A couple of weeks ago when I was scheduled to go out with other St. Louis bloggers and meet Bossy, John planned a night of mini-golf with the boys. To his detriment, he did not heed Luke’s warnings of, “My tummy hurts,” and the third hole ended up with a new hazard that no one wants to find on any golf course. So mini-golf was rescheduled for the next night and I was able to go along.
Something you need to know about engineers and mini-golf: we take it very seriously. The angles, the correct strength of the swing and speed with which the ball must travel, the trajectory, the lines. Figuring that out and being rewarded with a hole-in-one makes us a bit giddy. We tried to convince the boys to let John go first so they could see the correct line (or incorrect line) and try to emulate that (or not), but being almost 7 and 5 they already know everything there is to know about everything so there is no need to watch and learn. They did look cute and determined as they laid their clubs on the ground for use as sights to try to figure out and line up the correct angles of their shots only to be slightly disappointed when they were way off and the balls landed too far from the hole. If the ball completely left the green, however, that was considered a successful putt. Why do the makers of mini-golf balls make those things so darn bouncy?
When we go mini-golfing I usually do not play. There are several reasons for this. First, I am usually holding everyone’s stuff, which makes it hard to putt. Second, even if I wasn’t holding everyone’s stuff, I have other things going for me which make it hard to putt, like being totally directionally challenged and being more likely to hit my feet than the intended target or, worse, hit nothing at all. Third, once one of the kids is finished with his turn, he immediately runs to the next hole leaving anyone who hasn’t finished in his wake. By not playing, I am able to keep up with the boys and make sure that they don’t fall into any of the moving contraptions or water hazards or disturb the game of those ahead of us. We may be out-of-control, but we try to maintain some semblance of mini-golf etiquette. Fourth, I have to keep track of whose turn it is to go first. We must alternate who goes first on which hole to keep things fair and prevent golf clubs from being turned into weapons of mass destruction.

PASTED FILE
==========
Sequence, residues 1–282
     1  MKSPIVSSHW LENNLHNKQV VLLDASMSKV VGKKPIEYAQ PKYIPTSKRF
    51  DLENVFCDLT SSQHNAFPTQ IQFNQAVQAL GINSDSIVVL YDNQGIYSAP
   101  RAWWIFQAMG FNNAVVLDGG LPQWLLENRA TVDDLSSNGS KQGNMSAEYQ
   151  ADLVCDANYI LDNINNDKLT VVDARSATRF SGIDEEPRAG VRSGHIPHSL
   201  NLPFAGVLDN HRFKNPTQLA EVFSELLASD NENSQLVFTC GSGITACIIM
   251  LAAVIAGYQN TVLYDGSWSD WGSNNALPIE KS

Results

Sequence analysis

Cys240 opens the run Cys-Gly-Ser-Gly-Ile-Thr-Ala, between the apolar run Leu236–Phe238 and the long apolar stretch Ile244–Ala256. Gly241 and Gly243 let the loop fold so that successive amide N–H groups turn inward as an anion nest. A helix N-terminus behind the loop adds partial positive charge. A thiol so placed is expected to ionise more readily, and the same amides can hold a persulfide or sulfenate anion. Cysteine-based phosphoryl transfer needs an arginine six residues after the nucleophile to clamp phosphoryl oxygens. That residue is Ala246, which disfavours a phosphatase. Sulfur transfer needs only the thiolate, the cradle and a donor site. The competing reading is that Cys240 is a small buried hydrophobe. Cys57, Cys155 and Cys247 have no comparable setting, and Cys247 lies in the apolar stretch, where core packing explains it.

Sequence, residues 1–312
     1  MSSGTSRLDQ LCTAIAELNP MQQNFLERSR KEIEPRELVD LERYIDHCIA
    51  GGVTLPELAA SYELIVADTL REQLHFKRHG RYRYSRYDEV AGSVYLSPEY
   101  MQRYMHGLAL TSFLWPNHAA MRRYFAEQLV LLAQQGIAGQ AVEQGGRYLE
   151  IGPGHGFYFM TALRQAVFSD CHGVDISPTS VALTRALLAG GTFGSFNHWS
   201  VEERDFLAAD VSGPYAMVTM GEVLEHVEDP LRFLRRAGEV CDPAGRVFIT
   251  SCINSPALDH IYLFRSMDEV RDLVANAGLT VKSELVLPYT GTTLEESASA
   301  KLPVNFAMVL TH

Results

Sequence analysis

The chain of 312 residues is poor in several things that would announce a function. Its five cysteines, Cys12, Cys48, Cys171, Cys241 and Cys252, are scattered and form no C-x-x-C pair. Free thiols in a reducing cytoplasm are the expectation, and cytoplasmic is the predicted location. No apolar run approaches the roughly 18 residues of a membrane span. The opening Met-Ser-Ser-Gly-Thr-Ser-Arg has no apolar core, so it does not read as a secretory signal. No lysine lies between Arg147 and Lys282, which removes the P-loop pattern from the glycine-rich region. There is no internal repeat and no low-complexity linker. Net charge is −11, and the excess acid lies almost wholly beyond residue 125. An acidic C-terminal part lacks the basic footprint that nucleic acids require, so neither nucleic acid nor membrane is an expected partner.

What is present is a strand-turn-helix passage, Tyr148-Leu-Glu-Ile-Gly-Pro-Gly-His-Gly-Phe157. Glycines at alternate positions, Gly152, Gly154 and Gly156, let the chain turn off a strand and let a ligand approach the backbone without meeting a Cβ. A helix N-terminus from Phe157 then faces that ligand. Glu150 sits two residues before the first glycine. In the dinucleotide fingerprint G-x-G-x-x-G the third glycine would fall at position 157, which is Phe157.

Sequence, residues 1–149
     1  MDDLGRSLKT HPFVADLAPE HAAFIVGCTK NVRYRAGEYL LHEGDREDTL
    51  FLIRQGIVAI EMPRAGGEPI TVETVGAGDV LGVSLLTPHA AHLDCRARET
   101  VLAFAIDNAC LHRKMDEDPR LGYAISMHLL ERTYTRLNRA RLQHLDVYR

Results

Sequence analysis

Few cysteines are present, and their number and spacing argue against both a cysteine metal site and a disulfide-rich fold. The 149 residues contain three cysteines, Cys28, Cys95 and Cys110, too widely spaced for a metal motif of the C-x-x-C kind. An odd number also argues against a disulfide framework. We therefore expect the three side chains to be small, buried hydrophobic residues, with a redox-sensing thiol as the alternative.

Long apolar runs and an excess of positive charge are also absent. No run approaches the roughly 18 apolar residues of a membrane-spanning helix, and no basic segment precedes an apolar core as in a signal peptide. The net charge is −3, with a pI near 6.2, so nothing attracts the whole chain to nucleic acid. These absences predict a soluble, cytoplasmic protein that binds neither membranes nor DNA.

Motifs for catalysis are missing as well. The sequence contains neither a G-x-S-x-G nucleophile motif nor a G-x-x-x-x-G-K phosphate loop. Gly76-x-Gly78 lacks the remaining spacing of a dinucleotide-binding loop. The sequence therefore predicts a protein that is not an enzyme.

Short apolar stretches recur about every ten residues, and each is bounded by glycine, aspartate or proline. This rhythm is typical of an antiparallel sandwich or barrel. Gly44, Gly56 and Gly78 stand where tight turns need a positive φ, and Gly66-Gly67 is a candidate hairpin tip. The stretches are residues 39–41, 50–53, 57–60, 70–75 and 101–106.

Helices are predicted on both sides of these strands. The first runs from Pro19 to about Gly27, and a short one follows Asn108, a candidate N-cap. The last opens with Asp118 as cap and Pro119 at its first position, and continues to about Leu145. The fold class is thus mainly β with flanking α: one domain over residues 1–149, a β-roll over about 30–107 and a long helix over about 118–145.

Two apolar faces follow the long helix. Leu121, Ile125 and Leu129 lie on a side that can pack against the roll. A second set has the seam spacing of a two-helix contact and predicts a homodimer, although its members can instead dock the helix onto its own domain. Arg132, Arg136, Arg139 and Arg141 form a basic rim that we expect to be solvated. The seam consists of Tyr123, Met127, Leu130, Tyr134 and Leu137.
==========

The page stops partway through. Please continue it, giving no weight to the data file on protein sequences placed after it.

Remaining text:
Luke is very good at giving advice and direction on things that he has no idea how to actually accomplish himself. Such as, “Just barely tap it,” or, “Line it up straight and it will go right in.” I don’t think Luke has just barely tapped anything in his life and line it up straight is an oxymoron in his vocabulary. But, maybe I’m not giving him enough credit. He did score pretty well for a four and a half year old. That could be due in part to the fact that he used his club as a barricade and laid it across the green anytime his ball started to roll in an undesired direction. It also could be due to the fact that a "4" was the highest number I gave anyone on the score card. I'm sure, had I counted accurately, we would have been in the double digits on several holes.
Missing an easy putt caused Luke to proclaim, “Tartar sauce,” and Jack to warn the next hole, “This time, it’s personal.” But, hole after hole, they never figured out that mastering this game takes patience and control, two things that my kids possess only in minute quantities and apparently do not want to waste by using. Ever.
We celebrated a great game of mini-golf by ending with the ultimate go-kart race. The boys raced these little ones. How cute are they?
Then we went on to race the big boys, with John driving Luke and me driving Jack. I've figured out that the real race at most of the tracks we go to is not the race on the track, as most of the go-karts run the same speed, but is actually the race to see who can get to the first go-kart in line. That is usually the person that wins the race. So, Jack and I won the race as we got to drive the first go-kart in line.
And the only person who had any accidents was me – once driving back into the parking spot, and once when John bumped me. The first referring to when I hit the tires and rails trying to get back into the parking line. The second referring to when I peed in my pants when John bumped me.
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